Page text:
I had my first taste of Middle East summer weather almost exactly 24 years ago, en route with my mother to Thailand. We flew with Gulf Air and landed at Doha to pick up passengers before continuing to Muscat, where we changed planes. Stepping out from the aircraft at around midnight we were confronted with heat of about 32 degrees and I quickly removed a pullover.
That, as every local will tell you, is really quite mild, as in July during the daytime most Gulf countries can usually expect the temperature to soar into the mid and high 40s, and commonly surpass this. Hence a newspaper weather forecast summary might read: "clear: High 44; Low 32". Sure enough this is how it has been since I came here a little over 2 weeks ago; at first I was struck by the intensity of this heat and felt a strong resistance to even stepping outside, but after a while the perception changes. I find that I have to walk much more slowly than normal and pace myself and then it's not so severe - this was especially so when wandering around Katara cultural village for the first time. In the evening, shortly after sunset it may well be still be around 40 degrees, so an evening meal on a terrace is best accompanies by plenty of water!
However, there are other aspects that are quite distinct from the UK or even SE Asia. About a week after my arrival, there were dust storms (this term seems more common than sand storm and probably more descriptive in that the particles are very fine and now they are mixed up with other kinds of dust) swept into town - the wind got up to quite some knots. From the QMA building visibility across the water decreases to a peachy haze, with the West Bay skyscrapers fading away. From inside at around 3pm can be heard very clearly the mid-afternoon call of prayer and when there's a dust storm it is superimposed on the wailing sound of wind howling through the building; it feels very evocative of a rather bleak desert landscape. Outside the wide-brimmed floppy hat I had brought in preparation has a drawstring tie to secure under the chin and it's necessary! The only downside to is that the wind lifts up the brim so there's less cover for the face - so a pointed hat may work better. It's also practical to wear light sand-coloured shoes - dark ones soon attract dusty decoration.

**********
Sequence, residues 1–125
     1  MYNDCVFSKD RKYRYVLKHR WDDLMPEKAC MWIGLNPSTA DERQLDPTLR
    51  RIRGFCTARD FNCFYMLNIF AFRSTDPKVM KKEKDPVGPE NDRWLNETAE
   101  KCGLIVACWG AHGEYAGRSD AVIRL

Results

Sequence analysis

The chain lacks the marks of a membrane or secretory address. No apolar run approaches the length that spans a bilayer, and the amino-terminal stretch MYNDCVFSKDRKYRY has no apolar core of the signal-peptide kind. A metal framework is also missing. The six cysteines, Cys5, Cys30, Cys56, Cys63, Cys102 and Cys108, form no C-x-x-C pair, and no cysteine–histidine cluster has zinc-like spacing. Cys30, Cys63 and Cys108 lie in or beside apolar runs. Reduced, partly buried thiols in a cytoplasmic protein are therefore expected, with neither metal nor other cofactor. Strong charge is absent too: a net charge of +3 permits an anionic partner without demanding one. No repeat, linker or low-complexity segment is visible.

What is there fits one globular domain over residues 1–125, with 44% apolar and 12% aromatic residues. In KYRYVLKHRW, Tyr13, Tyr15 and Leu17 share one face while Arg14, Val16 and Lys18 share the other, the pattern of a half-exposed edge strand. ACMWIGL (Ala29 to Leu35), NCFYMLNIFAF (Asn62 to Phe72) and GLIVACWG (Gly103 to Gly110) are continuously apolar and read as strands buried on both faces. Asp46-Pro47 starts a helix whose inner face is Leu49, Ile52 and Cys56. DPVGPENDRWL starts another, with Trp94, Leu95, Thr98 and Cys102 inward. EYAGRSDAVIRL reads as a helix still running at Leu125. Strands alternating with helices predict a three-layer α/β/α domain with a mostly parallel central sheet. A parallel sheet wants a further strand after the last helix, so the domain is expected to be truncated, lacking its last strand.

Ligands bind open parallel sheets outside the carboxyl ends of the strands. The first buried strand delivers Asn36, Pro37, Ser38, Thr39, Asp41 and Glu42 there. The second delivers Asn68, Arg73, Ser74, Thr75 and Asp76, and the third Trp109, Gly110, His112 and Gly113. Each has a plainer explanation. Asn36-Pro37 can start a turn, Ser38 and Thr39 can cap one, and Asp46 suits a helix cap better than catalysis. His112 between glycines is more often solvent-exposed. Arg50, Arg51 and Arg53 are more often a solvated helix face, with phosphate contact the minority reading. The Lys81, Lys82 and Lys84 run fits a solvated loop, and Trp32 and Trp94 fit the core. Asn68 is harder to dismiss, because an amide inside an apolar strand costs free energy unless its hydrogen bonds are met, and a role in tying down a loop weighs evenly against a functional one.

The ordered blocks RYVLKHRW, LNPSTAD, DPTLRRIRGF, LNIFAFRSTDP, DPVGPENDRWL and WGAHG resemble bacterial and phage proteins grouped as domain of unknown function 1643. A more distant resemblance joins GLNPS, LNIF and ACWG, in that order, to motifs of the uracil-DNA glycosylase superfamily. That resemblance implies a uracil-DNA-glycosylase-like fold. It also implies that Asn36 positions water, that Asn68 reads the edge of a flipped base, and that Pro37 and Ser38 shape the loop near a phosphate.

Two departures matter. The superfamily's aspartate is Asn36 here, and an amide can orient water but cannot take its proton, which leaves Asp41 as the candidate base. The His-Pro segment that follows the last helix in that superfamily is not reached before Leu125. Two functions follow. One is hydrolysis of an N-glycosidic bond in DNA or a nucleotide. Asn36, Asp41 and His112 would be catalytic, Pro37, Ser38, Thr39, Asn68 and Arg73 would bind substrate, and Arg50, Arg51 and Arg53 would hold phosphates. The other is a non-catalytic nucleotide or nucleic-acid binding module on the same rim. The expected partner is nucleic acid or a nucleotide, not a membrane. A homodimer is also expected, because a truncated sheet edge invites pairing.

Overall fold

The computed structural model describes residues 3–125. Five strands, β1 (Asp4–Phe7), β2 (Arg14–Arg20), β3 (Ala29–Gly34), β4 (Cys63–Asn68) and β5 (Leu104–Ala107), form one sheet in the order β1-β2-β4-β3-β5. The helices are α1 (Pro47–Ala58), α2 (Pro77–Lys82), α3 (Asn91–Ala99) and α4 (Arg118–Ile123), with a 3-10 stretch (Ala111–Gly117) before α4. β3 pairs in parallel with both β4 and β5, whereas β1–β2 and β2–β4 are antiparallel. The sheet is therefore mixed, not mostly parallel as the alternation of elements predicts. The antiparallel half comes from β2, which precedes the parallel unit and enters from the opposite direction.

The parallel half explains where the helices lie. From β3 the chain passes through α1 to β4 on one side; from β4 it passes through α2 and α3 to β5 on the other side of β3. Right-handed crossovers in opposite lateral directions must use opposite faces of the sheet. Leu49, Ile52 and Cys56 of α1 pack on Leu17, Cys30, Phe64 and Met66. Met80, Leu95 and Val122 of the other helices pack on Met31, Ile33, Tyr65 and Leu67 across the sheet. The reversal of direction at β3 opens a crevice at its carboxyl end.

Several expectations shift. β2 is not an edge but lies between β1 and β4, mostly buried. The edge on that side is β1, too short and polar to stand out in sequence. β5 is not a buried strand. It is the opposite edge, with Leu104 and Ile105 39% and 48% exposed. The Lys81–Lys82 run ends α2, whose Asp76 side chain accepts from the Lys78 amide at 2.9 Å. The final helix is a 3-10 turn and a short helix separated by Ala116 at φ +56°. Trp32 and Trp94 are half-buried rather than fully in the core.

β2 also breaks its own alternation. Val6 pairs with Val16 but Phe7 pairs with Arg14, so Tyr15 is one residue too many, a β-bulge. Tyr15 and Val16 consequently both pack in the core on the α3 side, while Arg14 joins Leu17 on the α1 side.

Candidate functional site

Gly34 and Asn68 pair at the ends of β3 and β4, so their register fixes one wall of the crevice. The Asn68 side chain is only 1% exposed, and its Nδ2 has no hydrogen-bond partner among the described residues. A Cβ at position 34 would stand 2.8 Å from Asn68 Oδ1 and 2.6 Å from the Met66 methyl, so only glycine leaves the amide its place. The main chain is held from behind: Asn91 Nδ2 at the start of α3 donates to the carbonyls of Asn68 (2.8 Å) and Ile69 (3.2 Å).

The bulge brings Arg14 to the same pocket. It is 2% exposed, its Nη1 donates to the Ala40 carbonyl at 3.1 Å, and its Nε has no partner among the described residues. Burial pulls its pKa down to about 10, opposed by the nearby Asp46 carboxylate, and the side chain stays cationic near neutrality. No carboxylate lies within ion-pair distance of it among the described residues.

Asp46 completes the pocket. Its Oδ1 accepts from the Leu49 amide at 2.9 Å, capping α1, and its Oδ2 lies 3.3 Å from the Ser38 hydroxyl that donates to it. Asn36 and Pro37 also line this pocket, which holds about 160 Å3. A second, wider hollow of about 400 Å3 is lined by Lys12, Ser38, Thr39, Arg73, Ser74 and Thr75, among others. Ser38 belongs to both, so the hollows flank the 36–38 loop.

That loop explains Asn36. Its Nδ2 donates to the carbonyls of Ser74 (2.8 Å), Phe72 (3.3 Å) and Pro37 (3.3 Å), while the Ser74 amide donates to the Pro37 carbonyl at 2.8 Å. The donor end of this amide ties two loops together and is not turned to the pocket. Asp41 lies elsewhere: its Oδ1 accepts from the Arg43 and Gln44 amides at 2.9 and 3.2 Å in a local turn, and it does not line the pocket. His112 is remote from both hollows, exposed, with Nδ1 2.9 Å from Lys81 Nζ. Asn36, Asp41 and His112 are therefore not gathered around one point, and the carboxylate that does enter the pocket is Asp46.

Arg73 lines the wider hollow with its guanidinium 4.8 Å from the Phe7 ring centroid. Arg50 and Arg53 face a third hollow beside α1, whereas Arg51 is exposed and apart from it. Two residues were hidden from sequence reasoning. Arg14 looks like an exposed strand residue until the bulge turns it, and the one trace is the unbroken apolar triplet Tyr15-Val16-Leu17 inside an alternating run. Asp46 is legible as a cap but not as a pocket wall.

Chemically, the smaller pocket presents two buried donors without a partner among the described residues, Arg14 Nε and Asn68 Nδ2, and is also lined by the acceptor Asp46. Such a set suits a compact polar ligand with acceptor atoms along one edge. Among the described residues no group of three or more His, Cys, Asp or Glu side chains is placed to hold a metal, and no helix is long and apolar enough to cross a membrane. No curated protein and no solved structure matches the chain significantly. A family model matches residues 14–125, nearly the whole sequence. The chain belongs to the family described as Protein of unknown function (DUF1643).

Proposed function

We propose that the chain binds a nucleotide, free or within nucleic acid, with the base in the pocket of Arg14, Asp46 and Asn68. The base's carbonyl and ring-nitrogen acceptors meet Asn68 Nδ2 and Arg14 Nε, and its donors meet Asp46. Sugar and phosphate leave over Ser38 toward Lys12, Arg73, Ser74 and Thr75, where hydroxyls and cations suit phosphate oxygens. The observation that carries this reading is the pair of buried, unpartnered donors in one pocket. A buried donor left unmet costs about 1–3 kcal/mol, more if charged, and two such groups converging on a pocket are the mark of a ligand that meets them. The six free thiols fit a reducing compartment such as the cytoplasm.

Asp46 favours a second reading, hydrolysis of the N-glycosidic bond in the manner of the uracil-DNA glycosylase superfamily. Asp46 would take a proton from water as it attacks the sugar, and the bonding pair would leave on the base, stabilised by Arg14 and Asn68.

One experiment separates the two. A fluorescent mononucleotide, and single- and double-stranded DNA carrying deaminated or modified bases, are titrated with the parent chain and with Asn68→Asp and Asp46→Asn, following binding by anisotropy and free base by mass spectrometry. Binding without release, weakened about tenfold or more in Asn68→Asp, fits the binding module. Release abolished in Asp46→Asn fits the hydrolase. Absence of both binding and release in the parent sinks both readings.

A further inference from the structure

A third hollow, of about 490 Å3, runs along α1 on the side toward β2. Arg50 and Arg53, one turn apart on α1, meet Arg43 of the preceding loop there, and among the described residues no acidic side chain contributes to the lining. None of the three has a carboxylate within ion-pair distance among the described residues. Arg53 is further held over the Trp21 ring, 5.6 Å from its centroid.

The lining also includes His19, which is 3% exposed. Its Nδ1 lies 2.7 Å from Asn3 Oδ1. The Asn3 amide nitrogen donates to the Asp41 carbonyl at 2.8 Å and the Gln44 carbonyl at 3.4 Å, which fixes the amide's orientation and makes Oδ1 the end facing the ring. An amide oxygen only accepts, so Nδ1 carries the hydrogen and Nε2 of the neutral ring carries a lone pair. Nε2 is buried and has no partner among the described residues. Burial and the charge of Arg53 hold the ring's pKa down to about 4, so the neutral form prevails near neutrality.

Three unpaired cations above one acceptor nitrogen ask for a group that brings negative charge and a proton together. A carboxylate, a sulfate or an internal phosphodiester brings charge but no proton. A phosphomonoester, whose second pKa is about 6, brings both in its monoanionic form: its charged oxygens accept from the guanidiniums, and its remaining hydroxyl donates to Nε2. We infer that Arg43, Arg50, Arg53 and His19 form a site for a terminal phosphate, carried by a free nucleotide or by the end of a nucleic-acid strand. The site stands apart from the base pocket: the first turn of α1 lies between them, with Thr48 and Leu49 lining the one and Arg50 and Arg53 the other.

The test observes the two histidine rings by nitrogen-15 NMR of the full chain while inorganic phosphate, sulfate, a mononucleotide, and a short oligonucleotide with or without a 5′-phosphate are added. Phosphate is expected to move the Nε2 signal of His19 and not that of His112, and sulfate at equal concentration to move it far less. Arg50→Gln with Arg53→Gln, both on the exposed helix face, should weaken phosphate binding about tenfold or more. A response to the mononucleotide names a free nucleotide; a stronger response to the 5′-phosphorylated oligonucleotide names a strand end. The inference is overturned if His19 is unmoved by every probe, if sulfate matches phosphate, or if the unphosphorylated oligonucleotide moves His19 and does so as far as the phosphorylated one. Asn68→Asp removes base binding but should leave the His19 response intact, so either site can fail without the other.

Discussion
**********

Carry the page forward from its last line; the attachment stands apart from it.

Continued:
Vehicles are also exposed: whereas in the UK you might sometimes see snow drifting onto the bonnet or windscreen, in Qatar you can expect sand! So more traditional modes of transport may fare better - a few days ago I saw some camels for the first time as I was driven past the Emiri Diwan (Emir's Palace) - making their way around the perimeter fence were seven men riding camels - were they palace staff on patrol, perhaps? The Diwan has an imposing presence, I could generally perceive no movement apart from its cascading waterfalls.
The other climate, which doesn't receive so much attention, is the indoor climate, i.e. air conditioning (or simply "A C"), which is ubiquitous - from cars to restaurants and shopping malls, to homes and offices, even in stairwells. In this respect for office workers exposure to heat is really minimised and is generally a lot less than what I've encountered in Thailand, where many places still rely on electric fans for air circulation. And in the hotel room there is a thermostat to control the temperature in 0.5 degree increments, together with an adjustable fan. The systems are generally more modern than in Thailand, and a bit less intrusive.
For construction workers it's another story; if ever I feel hot, then I should reflect on their tough conditions. At least there is widespread awareness of the issues with measures that limit working hours, particularly in the middle of the day. Perhaps one day there will be artificial clouds and cool breezes to protect us all...